My LCHF story
This is my story that was published in the May 2015 issue of the Lose It magazine. I have adapted it slightly for this blog post.
My early child hood:
For as long as I can remember, I have been trying to lose weight. Even though I was very sporty as a child, I was chubby. My mom prepared home-cooked meals, and we consumed very little sugary junk. Back then I could never understand why I was overweight. I remember feeling like I was perpetually aware of eating healthy food and trying to lose weight – but never getting anywhere with my attempts. The problem was that I was carbohydrate intolerant, yet consuming a diet full of “healthy” whole grains, starchy veggies, fruit, and sweetened fat-free dairy. Everything someone with an intolerance to carbs should NOT be eating.
The teenage years:
So I transitioned from a chubby kid to a plump teenager. All my friends were thin, and I wanted to be able to wear all the hip clothes they were able to wear. But I just looked like a lumpy marshmallow in anything that was remotely figure hugging. In high school, I remember starving myself and losing quite a bit of weight. But I was hungry all the time. I started eating again, and put all the weight back on. Being “HANGRY” was not cool for a hormonal teenager who was already moody at the best of times.
In my late twenties I got very into running. I was about 12 kilos overweight then, and was hopeful that the extra exercise would help me shed them. I trained for half marathons, ran them, and yet didn’t lose a single kilogram. The more I ran, the hungrier I got. No one can endure constant hunger, so I ate more to feel satisfied. For me running was not an effective weight loss tool at all.
When I was in my early thirties, we decided to start a family. That didn’t happen as easily as we expected. We had to resort to numerous fertility treatments to conceive. Even though my body took a serious beating from all the hormones over the years, I would do it all over again in a heartbeat if I had to. After two pregnancies, I was 30 kilos overweight, and desperate. I looked and felt awful. I had no energy, and struggled to get through the day with two small children. Even though I was trying so hard to lose the weight – it stubbornly wouldn’t budge. In fact my weight was slowly creeping upwards each year that went by. I knew I had to find a solution, so that I could be the mom and wife I wanted to be. I hit my all time low after seeing photos of myself on a family holiday in 2010. That marked the beginning of my journey into low carb eating.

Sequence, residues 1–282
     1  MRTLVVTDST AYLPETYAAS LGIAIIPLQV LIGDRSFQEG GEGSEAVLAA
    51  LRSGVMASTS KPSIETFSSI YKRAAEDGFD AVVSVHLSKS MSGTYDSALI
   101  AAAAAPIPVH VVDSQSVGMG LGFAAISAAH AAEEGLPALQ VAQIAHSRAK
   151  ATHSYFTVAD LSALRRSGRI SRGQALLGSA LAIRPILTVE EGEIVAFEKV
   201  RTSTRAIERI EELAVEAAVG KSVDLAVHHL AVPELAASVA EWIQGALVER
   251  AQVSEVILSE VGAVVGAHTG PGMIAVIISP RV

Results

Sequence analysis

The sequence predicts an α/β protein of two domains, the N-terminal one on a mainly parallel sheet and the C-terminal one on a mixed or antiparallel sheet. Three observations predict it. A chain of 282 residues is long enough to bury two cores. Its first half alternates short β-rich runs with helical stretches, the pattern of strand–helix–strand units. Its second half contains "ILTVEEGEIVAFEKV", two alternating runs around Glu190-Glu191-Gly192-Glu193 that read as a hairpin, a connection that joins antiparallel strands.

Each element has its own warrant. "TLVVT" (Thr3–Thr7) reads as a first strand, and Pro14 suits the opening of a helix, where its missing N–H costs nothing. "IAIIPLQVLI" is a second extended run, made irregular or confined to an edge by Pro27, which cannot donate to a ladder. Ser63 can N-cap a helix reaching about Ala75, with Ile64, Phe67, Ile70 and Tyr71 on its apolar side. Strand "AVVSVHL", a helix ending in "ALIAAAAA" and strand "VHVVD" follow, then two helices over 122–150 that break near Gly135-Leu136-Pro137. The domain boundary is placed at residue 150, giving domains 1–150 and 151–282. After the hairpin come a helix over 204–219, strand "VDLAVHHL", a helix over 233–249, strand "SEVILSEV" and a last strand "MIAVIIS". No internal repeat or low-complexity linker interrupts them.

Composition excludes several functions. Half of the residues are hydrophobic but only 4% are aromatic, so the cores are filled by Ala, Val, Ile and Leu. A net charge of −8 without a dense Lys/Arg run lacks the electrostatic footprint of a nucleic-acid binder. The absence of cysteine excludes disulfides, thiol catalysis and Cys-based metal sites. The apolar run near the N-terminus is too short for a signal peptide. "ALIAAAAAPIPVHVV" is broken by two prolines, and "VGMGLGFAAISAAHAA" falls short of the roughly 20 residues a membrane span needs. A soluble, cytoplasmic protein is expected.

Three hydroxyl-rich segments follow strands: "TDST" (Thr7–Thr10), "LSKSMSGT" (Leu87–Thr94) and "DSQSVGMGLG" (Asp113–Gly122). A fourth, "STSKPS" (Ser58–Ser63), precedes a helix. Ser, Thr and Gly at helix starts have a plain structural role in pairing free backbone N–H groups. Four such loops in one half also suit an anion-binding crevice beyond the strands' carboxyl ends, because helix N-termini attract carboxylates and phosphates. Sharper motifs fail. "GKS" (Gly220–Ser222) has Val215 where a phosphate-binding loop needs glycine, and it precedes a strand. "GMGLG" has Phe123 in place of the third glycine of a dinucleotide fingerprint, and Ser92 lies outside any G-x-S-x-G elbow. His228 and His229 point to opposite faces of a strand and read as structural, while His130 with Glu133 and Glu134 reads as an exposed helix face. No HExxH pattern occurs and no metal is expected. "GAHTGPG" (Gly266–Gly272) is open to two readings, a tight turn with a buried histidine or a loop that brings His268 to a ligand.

I had some success with Atkins, but ate too much protein, which stalled my weight loss soon after starting. I was also still including low carb shakes and bars (full of soya and artificial sweeteners), and there was still some grains left in my diet. I then read the Primal Blueprint by Mark Sisson. His ancestral eating principles just made so much sense to me. Interestingly enough, when I adopted a cleaner ‘primal diet’, I didn’t really lose much more weight, but I felt fantastic. My energy levels, skin and mood all improved, and my chronic hay fever disappeared.
I knew that a real food, low carb diet was the right one for me, but I also knew I didn’t have all the answers yet. Despite 2 years of primal/paleo eating, I wasn’t losing any more weight, and I was getting frustrated. By that time Prof. Noakes had became vocal about his experience with LCHF in the media. I saw LCHF as a little tweak to my already very healthy diet. I did however have to increase the fat slowly, as I have had my gallbladder removed. Supplementing with digestive enzymes (containing lipase), helped me to transition to a higher fat diet without feeling nauseous. I lost a little more weight, and then plateaued again.
Never one to give up, I started to explore the very low carb ketogenic diet, after reading The Art and Science of Low Carbohydrate Living by Steve Phinney and Jeff Volek. I wanted to give ketosis a try. I purchased a ketone blood metre, and got going with dropping my carbs to around 25 grams per day. The weight started coming off again. My weight loss is still excruciatingly slow, and I find that I cycle in and out of ketosis, i.e., my body struggles to maintain a consistent ketogenic state. Any little cheat, or just 1 glass of wine on the weekend kicks me out of ketosis. I am sure it doesn’t help that I have PCOS (Polycystic Ovarian Syndrome), a hormonal disorder which brings with it poor glucose control, insulin resistance, and difficulty losing weight. I still want to lose another 15 kilos, and I have accepted that it is going to be a slow process. The good thing is that the food is delicious, I don’t feel hungry or deprived, and I have never felt healthier or more energetic. Those are all excellent reasons to persevere and keep going.